Dealing with perfectionism.

For the past year, I’ve been contemplating the concept of ‘the rest of my life’ since this year has marked the last of my studies, which has pretty much defined my existence so far. That sounds sad, but if anyone else is as big of a perfectionist as I am, the story I am about to tell you will probably sound all too familiar.

Studying has been my life because it’s the one thing I always knew I was good at (and note how I stay ‘studying’ rather than ‘academics’ because there is a huge difference in working hard to achieve good grades and being naturally intelligent). I’ve never not been able to try my absolute best when it comes to a piece of coursework or an exam. In theory, that sounds great because it means I put a lot of effort into my work and it often leads to a decent grade. However, here are just a few reasons why it is more insidious than it seems on the surface:

A) SETTING YOURSELF UP FOR DISAPPOINTMENT – Perfectionism usually affects people’s organisational skills in two different ways but with the common result that you are often left disappointed. You are either hyper organised in that you spend way too much time on tasks that you set yourself (e.g. spending an hour drafting a three-sentence long email to a colleague only for them to reply two seconds later) or you procrastinate because you don’t trust yourself to perform a task well enough until it is too late. This means you are often left unsatisfied – either because the time spent was not worth the result or the pressure means there is no result in the first place.

B) BECOMING A ONE TRICK PONY – Perfectionists often give up on things they enjoy simply because they aren’t ‘the best’ at them. This is a vicious mind-set because usually, the only way to become good at something is through practice. However, the temporary embarrassment of looking bad means you’ll often stop trying altogether. This acts as a double-edged sword because not only does it restrict your skill-sets as you end up doing fewer activities than your peers, but it also stops you enjoying the things you still do as everything becomes a competition.

C) HAVING LITTLE CONFIDENCE – This is probably the worst reason and is very much connected with A and B. Being a perfectionist tends to mean you overthink everything you do and because it takes you so long to accomplish tasks, it makes it hard to believe in yourself and to trust that you can succeed in the high-pressured environment that is life. Being so critical of yourself is also dangerous because it can lead to selfish behaviour. Sometimes, you can get so wrapped up in what people might be thinking about you that you ignore what they are actually saying, which is no help to anyone at all!

Perfectionism has literally affected every decision I have made in the past, but enough is enough. Studying has been my life, but now that my degree is over, I am determined to start living ‘the rest of my life’ with one goal in mind – bringing happiness to myself and to others. So, if like me, you want to rid yourself of the disease of perfectionism, let’s challenge ourselves to:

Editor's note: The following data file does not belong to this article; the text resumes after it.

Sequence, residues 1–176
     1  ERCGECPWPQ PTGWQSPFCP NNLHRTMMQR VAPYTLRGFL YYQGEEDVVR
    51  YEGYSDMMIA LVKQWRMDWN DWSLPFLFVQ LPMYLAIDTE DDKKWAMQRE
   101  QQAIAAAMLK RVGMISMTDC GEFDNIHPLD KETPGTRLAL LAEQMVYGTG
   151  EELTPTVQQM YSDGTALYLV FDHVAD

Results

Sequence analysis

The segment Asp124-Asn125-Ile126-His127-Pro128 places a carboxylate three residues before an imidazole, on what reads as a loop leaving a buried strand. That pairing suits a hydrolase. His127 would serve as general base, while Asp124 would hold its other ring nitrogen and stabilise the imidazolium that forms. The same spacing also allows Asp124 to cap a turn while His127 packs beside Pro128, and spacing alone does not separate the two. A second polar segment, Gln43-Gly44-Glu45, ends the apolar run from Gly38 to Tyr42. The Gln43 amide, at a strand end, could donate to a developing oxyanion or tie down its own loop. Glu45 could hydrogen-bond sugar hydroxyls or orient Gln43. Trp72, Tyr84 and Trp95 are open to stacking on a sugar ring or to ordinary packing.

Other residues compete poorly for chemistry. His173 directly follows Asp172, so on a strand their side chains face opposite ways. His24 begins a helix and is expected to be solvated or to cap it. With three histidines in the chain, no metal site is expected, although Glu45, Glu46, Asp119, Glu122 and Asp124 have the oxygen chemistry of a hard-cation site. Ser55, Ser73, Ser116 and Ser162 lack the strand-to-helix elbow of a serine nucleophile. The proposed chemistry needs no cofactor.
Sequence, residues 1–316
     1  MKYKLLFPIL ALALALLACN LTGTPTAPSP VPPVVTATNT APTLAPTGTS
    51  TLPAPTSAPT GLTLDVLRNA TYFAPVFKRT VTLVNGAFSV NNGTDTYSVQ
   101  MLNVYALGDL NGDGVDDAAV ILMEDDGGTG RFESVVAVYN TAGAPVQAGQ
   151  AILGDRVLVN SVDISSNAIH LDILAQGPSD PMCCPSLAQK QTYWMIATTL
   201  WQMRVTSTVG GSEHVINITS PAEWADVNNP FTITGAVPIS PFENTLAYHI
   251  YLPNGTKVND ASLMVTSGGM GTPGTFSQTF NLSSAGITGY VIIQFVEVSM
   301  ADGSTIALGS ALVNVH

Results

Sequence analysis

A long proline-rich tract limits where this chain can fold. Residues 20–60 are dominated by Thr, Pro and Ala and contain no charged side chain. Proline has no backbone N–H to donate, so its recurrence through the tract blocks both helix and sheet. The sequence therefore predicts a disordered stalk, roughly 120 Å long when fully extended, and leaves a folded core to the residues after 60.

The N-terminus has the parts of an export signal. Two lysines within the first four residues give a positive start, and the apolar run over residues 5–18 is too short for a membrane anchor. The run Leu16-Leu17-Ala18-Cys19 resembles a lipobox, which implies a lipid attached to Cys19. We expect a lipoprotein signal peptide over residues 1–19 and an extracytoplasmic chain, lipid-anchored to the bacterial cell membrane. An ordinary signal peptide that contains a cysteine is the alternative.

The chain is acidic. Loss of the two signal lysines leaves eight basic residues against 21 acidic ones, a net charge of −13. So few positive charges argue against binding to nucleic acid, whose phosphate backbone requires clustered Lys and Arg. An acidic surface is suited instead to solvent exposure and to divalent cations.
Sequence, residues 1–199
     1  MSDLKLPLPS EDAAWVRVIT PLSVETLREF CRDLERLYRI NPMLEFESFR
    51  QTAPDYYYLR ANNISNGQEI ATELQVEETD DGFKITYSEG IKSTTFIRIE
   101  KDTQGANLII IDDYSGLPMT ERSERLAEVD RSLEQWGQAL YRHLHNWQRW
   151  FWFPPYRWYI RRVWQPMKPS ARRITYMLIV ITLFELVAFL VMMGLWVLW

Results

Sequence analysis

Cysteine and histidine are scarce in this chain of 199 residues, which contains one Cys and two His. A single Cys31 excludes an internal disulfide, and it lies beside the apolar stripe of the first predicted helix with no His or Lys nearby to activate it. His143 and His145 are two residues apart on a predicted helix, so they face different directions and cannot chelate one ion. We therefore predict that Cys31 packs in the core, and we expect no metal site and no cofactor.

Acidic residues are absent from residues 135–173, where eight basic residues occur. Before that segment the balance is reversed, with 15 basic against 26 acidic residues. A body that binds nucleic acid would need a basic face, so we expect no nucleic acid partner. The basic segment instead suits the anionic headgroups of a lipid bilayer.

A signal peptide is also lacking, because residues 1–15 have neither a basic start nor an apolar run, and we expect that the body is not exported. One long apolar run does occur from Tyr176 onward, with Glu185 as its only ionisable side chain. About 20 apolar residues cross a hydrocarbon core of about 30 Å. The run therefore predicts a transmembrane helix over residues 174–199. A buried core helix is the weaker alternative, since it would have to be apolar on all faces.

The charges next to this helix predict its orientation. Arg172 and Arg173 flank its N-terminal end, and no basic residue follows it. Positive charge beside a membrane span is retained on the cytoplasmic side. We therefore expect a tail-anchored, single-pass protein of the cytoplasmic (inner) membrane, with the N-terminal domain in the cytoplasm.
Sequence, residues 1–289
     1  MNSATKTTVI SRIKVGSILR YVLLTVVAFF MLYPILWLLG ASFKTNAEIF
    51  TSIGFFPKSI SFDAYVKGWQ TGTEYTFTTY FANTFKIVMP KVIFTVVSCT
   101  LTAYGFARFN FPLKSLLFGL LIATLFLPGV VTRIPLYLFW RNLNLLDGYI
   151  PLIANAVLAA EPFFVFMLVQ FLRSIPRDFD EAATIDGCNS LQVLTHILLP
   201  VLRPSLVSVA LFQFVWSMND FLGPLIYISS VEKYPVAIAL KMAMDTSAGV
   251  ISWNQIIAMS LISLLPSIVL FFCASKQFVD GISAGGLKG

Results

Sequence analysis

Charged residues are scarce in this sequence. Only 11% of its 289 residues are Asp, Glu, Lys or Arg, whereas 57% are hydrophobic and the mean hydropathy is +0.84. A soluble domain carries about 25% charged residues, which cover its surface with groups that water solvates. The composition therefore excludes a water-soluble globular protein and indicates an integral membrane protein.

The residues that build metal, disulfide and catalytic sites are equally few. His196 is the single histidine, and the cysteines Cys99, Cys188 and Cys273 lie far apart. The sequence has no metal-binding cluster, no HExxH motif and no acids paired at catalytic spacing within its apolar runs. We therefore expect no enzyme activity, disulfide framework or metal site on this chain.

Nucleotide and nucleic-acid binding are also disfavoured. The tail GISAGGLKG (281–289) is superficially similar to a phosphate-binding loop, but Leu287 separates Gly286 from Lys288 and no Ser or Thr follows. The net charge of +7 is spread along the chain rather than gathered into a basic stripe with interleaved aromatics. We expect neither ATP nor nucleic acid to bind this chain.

A) FIND A BALANCE – If you struggle with spending too much on time tasks, make a conscious effort to time yourself and cut down gradually e.g. when writing an email, note what time you start and finish writing it. If it takes you an hour, try and see if you can do the same thing in 50 minutes next time. After all, a small change in the right direction is better than none at all! Similarly, if you find it difficult to start tasks in the first place, why not break it down into smaller sections? A 2500-word essay may seem daunting to begin with, but if you tell yourself that you’ll only choose your title one day, write a plan the next day, do the introduction the day after etc., you’re more likely to get it done than if you tell yourself that you have to do it all in one go.

B) DO AN ACTIVITY THAT YOU KNOW YOU WON’T BE GOOD AT – University is the perfect opportunity to try new things and you should make the most of it while you still can. Whether it’s trying college lacrosse for the first time or joining a baking society – if you go in with the mindset that you’re there to learn rather than succeed, you’re more likely to enjoy yourself. After all, not only will you find other beginners who you can bond with about how rubbish you are, but also, any progress will count as an achievement as you can credit yourself with doing something that you never thought possible before.

C) THINK POSITIVELY – If you’re having a bad day and are getting angry at yourself, think about what you’d say to a friend if they were in the same situation. Often, when we hear our friend has a problem, we can think of a million solutions, but when we are in a bad way, we are too harsh on ourselves. In the words of RuPaul: “if you can’t love yourself, how in the hell you gonna love somebody else?”

(This post was edited on 14/01/18 to showcase the article inspired by this post that was eventually published in St. Aidan’s College NSNTB in June 2017).

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